Also – I love the humane society – is yours working toward no kill?

  • Ivy

    We donate end of year typically to the same 3-4 charities (all with children/medical orientation) – with employer matching our donations, each gets around $500 or more
    We donate ad hoc, usually large amounts, when approached personally – a treatment fund for friend’s kid, a memorial scholarship for a friend who passed away, even non-personal stuff (a couple of days ago when on wikipedia I saw their fundraising banner and since they are so useful I sent them $100)
    We give away all of our kids toys, gear and old clothes – to friends, to babysitter (and her relatives abroad), etc
    And we help financially parents and siblings abroad

    I think all of us have “values” system that drives what they give, and nobody should try to match their approach to somebody else’s “standard”. For you it may be investing in the ability to give more in future. For others may be “tithing” at given percentage. For us it’s the personal connection plus a small set of charity causes we personally believe in.

    • That’s great that you have employer matching donations. Neither of our employer does that – though occasionally we have donated during drives where there were matching contributions from within the organization. For instance, a couple of years ago a big donor was offering a 4:1 match on funds to a particular program that we both valued at our alma mater, we dug deep and gave as much as we could at the time since we felt it was a great way to maximize our giving.

  • I think you were nicer to Marilyn than you needed to be — she’s poking at you, trying to make you feel bad, and you are FANTASTIC. Give or don’t give, but Marilyn? Don’t preach to the nice people!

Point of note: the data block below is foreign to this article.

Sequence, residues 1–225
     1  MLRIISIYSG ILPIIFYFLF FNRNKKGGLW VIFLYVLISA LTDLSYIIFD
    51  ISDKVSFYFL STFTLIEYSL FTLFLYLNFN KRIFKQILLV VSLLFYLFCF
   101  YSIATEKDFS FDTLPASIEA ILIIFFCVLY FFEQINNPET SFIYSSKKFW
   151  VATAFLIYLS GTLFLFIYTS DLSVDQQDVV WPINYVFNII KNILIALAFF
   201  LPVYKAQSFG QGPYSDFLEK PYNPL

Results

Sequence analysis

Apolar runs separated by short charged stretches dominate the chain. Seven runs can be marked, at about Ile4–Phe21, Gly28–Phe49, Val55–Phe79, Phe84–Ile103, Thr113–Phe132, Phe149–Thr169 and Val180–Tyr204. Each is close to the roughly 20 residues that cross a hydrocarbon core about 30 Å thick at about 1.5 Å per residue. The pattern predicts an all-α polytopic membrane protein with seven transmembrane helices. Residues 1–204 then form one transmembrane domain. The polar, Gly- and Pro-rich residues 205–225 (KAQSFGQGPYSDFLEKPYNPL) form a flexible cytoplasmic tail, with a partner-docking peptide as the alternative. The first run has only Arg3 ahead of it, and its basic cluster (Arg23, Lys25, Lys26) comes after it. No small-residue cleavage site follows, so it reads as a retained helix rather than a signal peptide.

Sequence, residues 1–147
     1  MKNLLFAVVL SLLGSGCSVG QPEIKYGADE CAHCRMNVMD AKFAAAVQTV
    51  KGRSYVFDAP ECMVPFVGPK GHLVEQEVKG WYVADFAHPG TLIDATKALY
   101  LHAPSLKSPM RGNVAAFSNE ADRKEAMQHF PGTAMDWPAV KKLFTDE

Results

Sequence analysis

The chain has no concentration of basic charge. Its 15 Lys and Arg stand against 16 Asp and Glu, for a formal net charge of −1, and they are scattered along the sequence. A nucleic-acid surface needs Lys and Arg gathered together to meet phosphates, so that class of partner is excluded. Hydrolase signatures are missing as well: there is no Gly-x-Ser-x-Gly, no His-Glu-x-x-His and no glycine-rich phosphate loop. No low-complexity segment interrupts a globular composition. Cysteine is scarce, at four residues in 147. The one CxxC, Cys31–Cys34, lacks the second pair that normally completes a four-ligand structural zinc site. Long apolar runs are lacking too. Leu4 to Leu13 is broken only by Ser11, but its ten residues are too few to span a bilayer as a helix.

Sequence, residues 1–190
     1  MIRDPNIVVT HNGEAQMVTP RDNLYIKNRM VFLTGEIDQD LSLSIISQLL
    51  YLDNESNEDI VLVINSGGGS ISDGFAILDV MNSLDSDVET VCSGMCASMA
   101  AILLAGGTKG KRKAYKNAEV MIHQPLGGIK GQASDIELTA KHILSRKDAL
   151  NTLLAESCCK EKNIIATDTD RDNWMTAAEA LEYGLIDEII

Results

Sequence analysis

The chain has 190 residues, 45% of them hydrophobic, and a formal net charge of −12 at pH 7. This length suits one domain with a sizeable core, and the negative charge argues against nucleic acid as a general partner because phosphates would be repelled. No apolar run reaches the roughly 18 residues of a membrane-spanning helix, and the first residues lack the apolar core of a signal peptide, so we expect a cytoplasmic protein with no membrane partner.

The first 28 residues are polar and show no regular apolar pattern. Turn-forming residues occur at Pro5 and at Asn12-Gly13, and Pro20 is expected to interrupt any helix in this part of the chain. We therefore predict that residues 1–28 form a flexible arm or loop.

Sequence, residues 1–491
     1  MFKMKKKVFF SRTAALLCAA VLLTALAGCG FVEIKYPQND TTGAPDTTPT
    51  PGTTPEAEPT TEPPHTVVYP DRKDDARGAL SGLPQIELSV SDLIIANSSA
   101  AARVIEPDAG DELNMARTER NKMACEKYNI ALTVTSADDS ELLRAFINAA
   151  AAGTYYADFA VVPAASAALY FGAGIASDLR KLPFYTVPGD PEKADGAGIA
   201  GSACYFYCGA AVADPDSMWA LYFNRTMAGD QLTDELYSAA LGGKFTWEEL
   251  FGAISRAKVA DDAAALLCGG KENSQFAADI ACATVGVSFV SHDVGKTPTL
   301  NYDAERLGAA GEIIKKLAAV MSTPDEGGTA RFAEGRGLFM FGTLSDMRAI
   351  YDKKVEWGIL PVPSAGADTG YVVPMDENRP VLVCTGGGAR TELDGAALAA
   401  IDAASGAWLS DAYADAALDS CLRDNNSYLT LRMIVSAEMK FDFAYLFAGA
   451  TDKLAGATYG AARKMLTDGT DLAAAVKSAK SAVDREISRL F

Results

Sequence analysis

Kathleen, Frugal Portland recently posted..The truth about being single around the holidaysMy Profile

    • I think she’s well within her bounds to call us out. We may not agree with what she says, but by putting our finances out there we are inviting people with different opinions to come and share their thoughts with us…and it has generated a neat conversation around what we’ll do with our money when we pass away.
      mrpop recently posted..A Conversation On Charity & PhilosophyMy Profile

  • My spouse and I disagree all the time about how much we give. Heh. I get accused of donating way too much and I try to convince my spouse to give more. There’s always things like Movember, friends running races, buying my coworkers kid’s fundraiser items, avalanche knitters, in memoriam donations, etc etc. I never really account for all of that stuff as donations, because I get something in exchange. Things where I get tax receipts I tend to count in the category of charity, like donating to my alma maters.
    We are both involved in charitable groups, which take up varying amounts of our time. I also give the way you mentioned, where I consider the donation to be basically a user fee, such as Wikipedia and things related to my beliefs.
    Kickstarter is my kryptonite. It is such an awesome way to fund public art installations all over the world :-)
    Anne @ Unique Gifter recently posted..Engagement Gift Ideas – Part VMy Profile

  • I do agree with Marilyn on one point – if someone has charitable intentions, he shouldn’t delay them. Saying that he’ll give at a later date or in a different life situation isn’t really much of anything, as far as I see it, except a way to assuage some guilt! It doesn’t actually accomplish anything and he hasn’t “put his money where his mouth is.” How does he know he’ll follow through on his future plans if he’s not practicing in the present? That’s why percentage-based giving is so brilliant – you give less when you have less, more when you have more, and you’re committed to a guideline instead of a dollar amount. So it’s fine to plan to donate your skills in retirement, but you’ll have a better chance of doing it if you cultivate a lifestyle of giving throughout your working life.